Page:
You play as the star of the game... er, a star. Your goal is to collect all of the other stars in the level, and perhaps grab some coins to boost your score along the way. You can move using the [arrow] keys or [WASD]. But you can only meander around so far when you stick to looking at things in the same old way. This is where the power of perspective comes into play! You can click and drag the entire playing field left or right to rotate the world 90 (or 180) degrees. Now, certain aspects of the world that you might not have seen before become visible, allowing you to play the same level in a new way.
With the power of perspective, you can tackle fifteen star-hunting levels that introduce a number of twists, such as enemies that need to be bounced upon, tricked to walking over certain blocks, or otherwise manipulated using your world-twisting abilities. You'll also find partial star buttons that all need to be pressed in order to remove a barrier on a level. Once you grab the quota of stars, climb the finish block to move on to the next level!
There are some limitations to the perspectives that you can take, however. You can only rotate the world in increments of 90 degrees. You can also only rotate left and right, although rotating upward can let you catch a glance of an overhead perspective of the entire level. You also can't rotate into a position that puts your character in front of (or behind) any island or other block. This could come in handy though, as you can freeze enemies put into these positions using perspective.
Analysis: The twist of using perspective to manipulate two-dimensional playing fields in a three-dimensional world is a somewhat untapped genre in the gaming world. It might be a bit tricky to get used to how the rotations effect the playing area at first. Keep this in mind as a rule of thumb: You and your enemies are assumed to be at the foremost position on an island (which is to say, closest to the camera). When you rotate 90 degrees, you will nearly always end up on an edge because of this.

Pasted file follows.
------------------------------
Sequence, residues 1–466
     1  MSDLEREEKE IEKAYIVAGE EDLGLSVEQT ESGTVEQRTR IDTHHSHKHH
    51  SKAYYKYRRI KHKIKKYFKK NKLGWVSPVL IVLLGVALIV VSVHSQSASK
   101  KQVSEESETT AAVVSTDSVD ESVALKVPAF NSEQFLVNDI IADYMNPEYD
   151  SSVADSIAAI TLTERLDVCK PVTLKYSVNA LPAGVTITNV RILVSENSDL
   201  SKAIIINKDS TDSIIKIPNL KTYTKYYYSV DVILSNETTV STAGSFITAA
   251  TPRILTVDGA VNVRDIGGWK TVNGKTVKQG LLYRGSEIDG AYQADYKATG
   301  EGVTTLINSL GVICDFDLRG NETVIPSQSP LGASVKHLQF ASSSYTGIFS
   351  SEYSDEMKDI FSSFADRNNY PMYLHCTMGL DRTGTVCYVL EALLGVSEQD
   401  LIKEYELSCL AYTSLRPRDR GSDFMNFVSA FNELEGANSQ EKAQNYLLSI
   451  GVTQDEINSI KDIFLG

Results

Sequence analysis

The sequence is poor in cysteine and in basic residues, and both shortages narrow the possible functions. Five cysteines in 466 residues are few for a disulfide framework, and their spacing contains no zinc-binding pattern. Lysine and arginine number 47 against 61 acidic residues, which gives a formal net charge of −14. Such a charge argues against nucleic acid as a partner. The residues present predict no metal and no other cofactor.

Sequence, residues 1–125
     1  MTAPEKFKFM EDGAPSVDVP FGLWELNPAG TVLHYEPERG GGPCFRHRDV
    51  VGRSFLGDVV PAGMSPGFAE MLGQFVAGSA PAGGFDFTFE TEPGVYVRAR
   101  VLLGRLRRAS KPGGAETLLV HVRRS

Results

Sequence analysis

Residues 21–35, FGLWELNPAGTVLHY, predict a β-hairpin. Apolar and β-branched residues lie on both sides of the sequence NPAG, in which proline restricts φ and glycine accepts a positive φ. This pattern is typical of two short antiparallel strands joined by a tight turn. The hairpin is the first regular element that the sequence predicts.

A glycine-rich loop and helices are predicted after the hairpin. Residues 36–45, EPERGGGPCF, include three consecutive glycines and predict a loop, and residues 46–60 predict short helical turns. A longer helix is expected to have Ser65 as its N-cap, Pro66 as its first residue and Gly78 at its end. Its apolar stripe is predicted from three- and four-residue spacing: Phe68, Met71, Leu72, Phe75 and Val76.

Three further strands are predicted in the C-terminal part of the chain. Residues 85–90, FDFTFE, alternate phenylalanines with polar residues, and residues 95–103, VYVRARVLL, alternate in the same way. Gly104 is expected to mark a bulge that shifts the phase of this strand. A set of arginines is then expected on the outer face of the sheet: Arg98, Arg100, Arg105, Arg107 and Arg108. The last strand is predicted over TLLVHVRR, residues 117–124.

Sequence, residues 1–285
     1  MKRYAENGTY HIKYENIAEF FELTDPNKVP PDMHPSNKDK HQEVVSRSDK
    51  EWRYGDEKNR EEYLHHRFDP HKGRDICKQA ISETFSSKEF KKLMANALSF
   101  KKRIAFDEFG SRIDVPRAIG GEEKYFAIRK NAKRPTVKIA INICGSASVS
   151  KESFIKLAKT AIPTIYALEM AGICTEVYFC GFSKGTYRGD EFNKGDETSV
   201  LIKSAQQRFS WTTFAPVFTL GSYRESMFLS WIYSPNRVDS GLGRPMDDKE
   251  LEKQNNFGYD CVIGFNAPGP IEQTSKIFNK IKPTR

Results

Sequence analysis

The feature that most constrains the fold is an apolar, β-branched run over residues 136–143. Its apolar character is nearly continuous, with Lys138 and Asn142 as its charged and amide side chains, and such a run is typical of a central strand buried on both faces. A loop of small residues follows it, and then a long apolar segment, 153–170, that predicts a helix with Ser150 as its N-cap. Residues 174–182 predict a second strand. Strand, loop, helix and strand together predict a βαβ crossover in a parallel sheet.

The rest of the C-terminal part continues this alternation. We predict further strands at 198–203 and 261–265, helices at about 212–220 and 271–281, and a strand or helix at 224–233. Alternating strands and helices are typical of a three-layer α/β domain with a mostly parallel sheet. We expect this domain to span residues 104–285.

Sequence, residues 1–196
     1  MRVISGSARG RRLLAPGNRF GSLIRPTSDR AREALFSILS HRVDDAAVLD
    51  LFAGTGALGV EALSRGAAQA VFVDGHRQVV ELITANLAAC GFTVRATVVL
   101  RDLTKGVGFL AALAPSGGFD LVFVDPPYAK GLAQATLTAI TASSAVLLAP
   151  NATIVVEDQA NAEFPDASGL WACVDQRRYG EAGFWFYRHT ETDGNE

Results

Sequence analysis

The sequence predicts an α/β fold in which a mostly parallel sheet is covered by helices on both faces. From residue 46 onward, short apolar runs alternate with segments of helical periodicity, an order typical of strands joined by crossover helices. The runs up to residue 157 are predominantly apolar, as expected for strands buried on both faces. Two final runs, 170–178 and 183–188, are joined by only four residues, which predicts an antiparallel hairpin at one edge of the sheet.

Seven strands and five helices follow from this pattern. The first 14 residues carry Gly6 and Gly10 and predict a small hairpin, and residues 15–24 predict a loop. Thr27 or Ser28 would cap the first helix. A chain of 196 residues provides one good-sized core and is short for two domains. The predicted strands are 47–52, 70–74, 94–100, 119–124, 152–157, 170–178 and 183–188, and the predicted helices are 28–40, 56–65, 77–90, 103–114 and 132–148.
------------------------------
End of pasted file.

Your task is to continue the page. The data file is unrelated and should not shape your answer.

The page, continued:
While there's a series of signs that give a tutorial as you play along, it's sometimes helpful to experiment within the game and learn new tricks on your own. Are you having a hard time figuring trying to find a perspective that you can rotate to? Try rotating while jumping to reach higher platforms. This becomes an essential element in later puzzles, but if you experiment a bit, it can be quite useful earlier on.
The world rotates rather smoothly with each turn, but it's sometimes hard to tell if you've moved too far (or far enough). While it might look like you've found a valid "landing spot" for a turn, it could turn out that you're not in a specific 90 degree rotation from the starting position, which means you might just snap back to your original orientation. Some sort of indication that you're aligned with a valid perspective point (such as flashing the edges of the screen) would have been helpful, but without it, it's recommended that you pay attention to any abnormal angles in islands present, or perhaps rotate slightly above or below the horizon to see if your rotation is aligned.
There are a lot of spatial elements in Sky Island to wrap your head around, but when you get the hang of them, you're in for a treat. Each level is designed to make you experiment with different movements to find the correct path to the finish. So go ahead and give it a shot; it's your turn.